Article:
February 4, 2013

I often encounter situations where I start to share some piece of information with someone and then suddenly remember that I originally got the fact/story from the very person I was telling it to. I then say, “Wait, was that you who told me that?” Such mistakes have increased with age. Either I’m getting more forgetful or that the sheer amount of memories that I accumulated has become hard to manage.

One of my friends often shares opinions during face-to-face or phone conversations that he believes to be his own but actually came from me verbatim. The only reason I could prove it is because most of them came up originally in our email correspondence. So, the first occurrences of those ideas can actually be traced. But I don’t stop him and tell him this. I let him believe that they are his own ideas, and in a way, they are. If he is able to use those ideas effectively in a new debate, it is clear that he has thoroughly assimilated my ideas as his own. People often have sentiments that they are unable to articulate. When someone else articulates them, they feel that those ideas were their own as they were only missing the means to express them. If the ideas had no relevance or significance for my friend, he would have forgotten them, and he wouldn’t be able to use them in any meaningful manner months or years later. After a certain point, they did become his own; they are now part of his philosophies of life.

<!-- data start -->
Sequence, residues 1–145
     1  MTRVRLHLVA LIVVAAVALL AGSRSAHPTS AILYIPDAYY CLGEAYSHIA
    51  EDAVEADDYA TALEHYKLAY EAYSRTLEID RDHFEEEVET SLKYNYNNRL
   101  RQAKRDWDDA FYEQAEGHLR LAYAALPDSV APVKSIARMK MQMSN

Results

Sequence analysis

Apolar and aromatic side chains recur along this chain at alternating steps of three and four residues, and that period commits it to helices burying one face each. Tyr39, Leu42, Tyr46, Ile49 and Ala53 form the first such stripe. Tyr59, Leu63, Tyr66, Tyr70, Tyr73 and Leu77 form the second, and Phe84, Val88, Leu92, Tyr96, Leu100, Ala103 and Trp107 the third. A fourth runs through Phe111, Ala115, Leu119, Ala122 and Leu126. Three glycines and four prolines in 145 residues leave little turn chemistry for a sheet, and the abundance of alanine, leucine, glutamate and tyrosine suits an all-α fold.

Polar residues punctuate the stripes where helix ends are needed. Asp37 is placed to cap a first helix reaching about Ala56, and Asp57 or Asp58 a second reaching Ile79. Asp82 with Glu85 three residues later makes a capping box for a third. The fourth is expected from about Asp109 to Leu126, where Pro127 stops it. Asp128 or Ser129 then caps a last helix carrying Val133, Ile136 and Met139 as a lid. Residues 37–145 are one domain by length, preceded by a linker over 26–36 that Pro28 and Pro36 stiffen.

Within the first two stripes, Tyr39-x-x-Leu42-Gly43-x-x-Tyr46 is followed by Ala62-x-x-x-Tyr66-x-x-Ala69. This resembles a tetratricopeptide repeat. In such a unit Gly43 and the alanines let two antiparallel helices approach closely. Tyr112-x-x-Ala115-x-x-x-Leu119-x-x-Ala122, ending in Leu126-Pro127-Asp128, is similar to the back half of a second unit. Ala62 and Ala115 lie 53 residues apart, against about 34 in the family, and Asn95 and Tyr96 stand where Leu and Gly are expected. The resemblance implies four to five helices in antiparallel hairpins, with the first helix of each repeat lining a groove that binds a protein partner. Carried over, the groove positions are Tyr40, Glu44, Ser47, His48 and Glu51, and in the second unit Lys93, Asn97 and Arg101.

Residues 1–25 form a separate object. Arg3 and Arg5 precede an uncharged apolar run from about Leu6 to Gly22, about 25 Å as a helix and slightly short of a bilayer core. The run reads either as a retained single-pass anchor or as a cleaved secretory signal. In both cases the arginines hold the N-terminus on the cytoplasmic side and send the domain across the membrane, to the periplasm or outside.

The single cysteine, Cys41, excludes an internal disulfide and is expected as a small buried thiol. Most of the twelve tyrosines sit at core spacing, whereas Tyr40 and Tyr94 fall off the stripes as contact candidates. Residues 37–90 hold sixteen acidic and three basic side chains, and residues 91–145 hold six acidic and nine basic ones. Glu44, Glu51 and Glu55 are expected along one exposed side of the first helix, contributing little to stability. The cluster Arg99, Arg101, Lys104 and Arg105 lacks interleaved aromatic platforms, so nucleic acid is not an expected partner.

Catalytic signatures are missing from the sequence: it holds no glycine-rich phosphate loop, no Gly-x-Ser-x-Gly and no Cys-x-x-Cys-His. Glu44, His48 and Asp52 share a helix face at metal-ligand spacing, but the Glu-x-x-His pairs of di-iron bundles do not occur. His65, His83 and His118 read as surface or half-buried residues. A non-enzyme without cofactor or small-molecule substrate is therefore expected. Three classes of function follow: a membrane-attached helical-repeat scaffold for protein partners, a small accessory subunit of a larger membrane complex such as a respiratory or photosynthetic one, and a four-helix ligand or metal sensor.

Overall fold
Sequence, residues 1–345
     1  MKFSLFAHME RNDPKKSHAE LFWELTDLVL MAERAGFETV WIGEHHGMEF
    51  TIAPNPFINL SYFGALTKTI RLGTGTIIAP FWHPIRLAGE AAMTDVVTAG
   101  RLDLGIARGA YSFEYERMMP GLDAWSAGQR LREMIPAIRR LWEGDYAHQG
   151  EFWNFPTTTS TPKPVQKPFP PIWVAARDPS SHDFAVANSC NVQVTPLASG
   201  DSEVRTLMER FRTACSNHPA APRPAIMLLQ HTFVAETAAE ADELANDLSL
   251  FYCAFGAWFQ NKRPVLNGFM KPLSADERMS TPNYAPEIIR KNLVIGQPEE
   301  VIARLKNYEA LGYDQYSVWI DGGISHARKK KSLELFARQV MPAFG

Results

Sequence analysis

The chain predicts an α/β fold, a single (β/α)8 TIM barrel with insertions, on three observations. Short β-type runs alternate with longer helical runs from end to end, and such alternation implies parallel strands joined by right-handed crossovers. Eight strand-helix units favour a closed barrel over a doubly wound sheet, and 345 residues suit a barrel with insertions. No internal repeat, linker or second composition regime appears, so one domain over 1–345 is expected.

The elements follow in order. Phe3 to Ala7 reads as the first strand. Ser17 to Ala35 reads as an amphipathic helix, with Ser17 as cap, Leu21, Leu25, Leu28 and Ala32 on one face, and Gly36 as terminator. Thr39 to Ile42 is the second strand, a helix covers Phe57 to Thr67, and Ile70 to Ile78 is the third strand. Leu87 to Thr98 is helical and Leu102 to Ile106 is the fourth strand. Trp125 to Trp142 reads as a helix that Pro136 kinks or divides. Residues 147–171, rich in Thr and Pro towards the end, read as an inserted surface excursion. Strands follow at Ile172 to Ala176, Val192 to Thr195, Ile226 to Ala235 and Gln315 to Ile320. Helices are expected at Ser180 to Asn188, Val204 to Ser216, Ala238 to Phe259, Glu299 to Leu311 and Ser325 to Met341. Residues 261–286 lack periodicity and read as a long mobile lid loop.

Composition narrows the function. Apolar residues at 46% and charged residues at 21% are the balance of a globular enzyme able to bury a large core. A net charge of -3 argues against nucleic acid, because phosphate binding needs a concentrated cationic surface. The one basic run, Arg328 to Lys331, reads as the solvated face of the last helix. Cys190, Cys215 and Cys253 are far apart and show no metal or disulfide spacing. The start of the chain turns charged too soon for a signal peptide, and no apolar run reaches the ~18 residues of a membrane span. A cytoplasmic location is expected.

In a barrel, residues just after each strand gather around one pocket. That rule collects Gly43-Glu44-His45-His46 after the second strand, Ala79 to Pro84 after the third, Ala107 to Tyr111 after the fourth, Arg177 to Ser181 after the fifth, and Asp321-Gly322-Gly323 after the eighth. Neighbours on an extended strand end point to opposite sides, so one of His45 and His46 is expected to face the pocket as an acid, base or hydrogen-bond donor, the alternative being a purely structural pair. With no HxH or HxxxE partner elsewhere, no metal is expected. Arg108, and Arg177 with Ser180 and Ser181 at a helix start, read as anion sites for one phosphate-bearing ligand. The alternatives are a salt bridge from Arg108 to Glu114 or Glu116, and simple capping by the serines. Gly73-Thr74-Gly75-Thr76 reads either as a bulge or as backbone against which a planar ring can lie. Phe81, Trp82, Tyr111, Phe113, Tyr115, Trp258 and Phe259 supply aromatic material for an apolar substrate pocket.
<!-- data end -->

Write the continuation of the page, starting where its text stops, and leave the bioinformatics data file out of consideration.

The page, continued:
I’m sure I do the same thing my friend does; I’m just not aware of it. I am aware of many ideas that came from others, particularly from books, that are now part of my own vocabulary of ideas. In many cases, I do not remember the source; I just remember that I read/heard from somewhere. For philosophical matters, I find attributions to be pointless. So much of what we state in philosophy has been said many times before by many different people. I don’t think there is much originality in it. In fact, originality in philosophy is irrelevant. We are just concerned about the truth; we can care less whether the truth is original. Philosophical insights are not something we can pass on and build on, like math and science; everyone needs to gain them, or come to realization, on his own. That is the only way any truth in philosophy has any meaning. This is partly why I don’t read many books. I don’t mind reinventing the wheel because the wheel itself is meaningless in philosophy, like a Mandala sand painting. Originality lies in the process of getting there.